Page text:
He recalled meeting Ms. Cook in 1982, when he was taking voice lessons from her longtime collaborator Wally Harper, in preparation for his planned Broadway debut as “a musical-comedy performer” (a career step that audiences were eventually spared, he assured us), and Ms. Cook stopped by the apartment.
The meeting was not a fortuitous one.
“Barbara was quite remote,” Mr. Langella told the audience, adding that she struck him as a “very sad, very lonely” woman, one who had “lost an exquisite young career to alcoholism and neuroses.”
He added, “What an old lady she was to my eyes: 55. ‘Finished and done,’ I thought, as I left Wally’s apartment.”
But Ms. Cook was not done. She was not finished.
As Mr. Langella recalled, just a few years later Ms. Cook was performing in a concert version of “Follies” at Lincoln Center, singing the role of Sally Durant, a performance that rebooted her career and began a decades-long association with Stephen Sondheim, including a return to Broadway in 2010 in her Tony-nominated role in “Sondheim on Sondheim.”
Mr. Langella was preceded by a video message in which Mr. Sondheim talked about that Lincoln Center production of “Follies,” and introduced a film clip of Ms. Cook in the rehearsal studio, singing a transformative rendition of “In Buddy’s Eyes.” Most of the other performers, including Lee Remick and a very young Mandy Patinkin, watched in rapt admiration. But the mood was broken — as Mr. Sondheim warned the memorial’s audience it would be — hilariously, by a scene-stealing, chain-smoking Elaine Stritch.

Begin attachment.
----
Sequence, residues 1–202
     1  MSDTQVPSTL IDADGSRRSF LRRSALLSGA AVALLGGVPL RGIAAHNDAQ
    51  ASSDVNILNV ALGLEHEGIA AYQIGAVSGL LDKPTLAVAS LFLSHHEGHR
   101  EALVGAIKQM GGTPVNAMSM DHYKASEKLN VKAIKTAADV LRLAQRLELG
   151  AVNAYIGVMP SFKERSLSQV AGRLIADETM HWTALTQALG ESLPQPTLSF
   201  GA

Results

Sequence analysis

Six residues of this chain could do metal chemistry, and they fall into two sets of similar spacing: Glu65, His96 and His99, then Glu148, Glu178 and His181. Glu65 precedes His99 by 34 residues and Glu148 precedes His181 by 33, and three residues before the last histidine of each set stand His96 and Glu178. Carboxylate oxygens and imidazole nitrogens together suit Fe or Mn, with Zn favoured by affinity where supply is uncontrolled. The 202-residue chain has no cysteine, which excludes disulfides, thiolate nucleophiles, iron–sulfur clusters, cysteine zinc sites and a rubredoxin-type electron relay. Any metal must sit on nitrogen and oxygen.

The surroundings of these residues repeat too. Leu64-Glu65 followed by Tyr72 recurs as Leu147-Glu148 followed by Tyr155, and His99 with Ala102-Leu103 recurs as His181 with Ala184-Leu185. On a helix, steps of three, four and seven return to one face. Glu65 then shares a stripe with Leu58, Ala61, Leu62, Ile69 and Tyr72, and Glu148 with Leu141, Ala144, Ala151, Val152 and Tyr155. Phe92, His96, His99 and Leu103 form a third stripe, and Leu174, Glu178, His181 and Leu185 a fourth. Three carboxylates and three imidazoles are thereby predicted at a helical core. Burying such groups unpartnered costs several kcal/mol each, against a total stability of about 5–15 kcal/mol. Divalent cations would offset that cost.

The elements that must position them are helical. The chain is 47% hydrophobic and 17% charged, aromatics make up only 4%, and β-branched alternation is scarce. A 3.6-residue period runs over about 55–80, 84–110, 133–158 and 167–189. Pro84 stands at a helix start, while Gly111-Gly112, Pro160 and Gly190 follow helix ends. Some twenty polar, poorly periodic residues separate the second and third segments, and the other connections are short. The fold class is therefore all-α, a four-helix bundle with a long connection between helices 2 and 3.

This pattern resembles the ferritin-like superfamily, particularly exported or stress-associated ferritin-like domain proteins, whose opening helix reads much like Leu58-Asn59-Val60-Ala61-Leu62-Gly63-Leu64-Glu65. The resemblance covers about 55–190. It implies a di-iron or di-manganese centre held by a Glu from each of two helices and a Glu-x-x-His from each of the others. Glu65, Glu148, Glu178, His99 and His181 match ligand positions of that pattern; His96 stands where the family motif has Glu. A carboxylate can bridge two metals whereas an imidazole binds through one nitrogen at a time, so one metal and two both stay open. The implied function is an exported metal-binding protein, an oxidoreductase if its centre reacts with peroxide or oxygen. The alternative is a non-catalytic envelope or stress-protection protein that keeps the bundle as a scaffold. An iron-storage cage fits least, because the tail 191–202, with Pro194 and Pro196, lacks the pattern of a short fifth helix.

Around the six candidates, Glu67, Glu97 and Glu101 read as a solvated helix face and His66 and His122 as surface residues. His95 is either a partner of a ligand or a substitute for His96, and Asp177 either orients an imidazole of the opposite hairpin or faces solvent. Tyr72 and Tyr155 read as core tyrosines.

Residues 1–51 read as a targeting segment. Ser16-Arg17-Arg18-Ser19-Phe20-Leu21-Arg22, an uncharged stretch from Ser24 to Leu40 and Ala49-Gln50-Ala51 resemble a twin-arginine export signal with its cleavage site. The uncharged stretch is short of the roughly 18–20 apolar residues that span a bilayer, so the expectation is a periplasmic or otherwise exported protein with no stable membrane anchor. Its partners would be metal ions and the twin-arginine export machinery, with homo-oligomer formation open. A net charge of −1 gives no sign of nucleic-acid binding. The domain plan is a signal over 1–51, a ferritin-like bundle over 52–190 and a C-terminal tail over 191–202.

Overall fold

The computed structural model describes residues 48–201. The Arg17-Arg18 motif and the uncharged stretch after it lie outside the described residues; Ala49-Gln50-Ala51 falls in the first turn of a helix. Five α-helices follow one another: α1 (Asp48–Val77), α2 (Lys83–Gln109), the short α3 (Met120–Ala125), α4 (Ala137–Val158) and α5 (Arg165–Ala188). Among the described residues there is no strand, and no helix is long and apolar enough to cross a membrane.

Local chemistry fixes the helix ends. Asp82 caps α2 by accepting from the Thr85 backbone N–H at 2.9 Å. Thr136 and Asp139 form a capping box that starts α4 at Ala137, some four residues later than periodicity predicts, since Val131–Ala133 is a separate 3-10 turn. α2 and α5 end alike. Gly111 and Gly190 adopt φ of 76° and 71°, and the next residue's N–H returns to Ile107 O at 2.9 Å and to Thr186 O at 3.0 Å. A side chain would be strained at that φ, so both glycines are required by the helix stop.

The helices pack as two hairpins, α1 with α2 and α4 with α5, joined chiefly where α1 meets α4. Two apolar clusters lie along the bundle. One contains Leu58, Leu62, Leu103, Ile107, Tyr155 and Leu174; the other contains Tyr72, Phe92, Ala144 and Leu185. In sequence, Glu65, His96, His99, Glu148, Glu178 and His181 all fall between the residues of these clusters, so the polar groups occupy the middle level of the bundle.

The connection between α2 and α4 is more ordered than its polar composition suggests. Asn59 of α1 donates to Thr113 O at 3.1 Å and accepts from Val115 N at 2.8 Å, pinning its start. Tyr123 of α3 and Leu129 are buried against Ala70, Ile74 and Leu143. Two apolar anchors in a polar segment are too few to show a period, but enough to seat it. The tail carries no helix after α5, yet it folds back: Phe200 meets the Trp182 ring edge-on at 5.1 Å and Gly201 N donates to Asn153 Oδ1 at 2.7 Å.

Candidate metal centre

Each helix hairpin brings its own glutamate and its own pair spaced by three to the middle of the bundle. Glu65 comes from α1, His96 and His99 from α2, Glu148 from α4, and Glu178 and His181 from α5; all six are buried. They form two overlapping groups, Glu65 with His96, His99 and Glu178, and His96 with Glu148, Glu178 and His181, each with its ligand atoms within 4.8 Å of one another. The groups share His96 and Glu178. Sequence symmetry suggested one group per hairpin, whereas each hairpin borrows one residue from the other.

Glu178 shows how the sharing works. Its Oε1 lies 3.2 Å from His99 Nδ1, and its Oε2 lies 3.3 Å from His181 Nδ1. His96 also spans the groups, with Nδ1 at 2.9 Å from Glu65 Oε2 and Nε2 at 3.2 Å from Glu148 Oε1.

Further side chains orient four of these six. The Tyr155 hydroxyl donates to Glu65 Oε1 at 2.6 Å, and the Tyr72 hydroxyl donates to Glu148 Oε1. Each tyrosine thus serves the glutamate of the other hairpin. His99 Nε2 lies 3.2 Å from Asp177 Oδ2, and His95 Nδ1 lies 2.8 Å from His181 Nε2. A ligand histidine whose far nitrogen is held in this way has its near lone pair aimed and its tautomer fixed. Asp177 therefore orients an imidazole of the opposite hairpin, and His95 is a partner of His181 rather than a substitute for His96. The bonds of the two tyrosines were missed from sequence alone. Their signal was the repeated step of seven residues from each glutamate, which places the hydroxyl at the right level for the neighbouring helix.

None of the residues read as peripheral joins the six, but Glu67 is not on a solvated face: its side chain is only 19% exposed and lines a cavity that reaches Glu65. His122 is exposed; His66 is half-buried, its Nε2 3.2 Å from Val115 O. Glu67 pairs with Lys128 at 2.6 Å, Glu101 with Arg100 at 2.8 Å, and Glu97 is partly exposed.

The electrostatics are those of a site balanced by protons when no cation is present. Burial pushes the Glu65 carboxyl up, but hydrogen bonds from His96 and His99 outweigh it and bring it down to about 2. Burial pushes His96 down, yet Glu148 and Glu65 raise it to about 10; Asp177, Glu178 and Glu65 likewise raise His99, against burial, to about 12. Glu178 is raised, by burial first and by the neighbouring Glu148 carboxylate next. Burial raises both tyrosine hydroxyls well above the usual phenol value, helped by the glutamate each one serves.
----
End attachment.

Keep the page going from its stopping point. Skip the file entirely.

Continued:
Ms. Cook and Mr. Langella later became close friends, sharing gossip in phone calls that might begin at 2 or 3 a.m. (“She was the only friend from whom I would get a cheery ‘hello’ when I called at that hour,” he said.)
That friendship was tested only once, Mr. Langella said: when he invited Ms. Cook to accompany him to a dinner party that Barbara Walters was holding at her apartment. Ms. Cook “nervously accepted,” he recalled, “but said, ‘Stay close to me. They’re not my crowd.’”
After dinner, Ms. Walters asked Ms. Cook to sing. She “politely refused,” said Mr. Langella. “But Barbara Walters is not an easy person to resist.” Eventually, Ms. Cook agreed to perform, huddling with the pianist for about 15 minutes, and then, with her eyes tightly closed and her hands balled into a fist, quietly sang, “You’ll Never Know.”
When she finished, Ms. Cook refused a request to do an encore, walked over to Mr. Langella, sat down next to him on the couch, her hands shaking, and whispered into his ear, “I’ll never forgive you for this,” adding a expletive for effect.
“Luckily,” Mr. Langella said, “she eventually did.”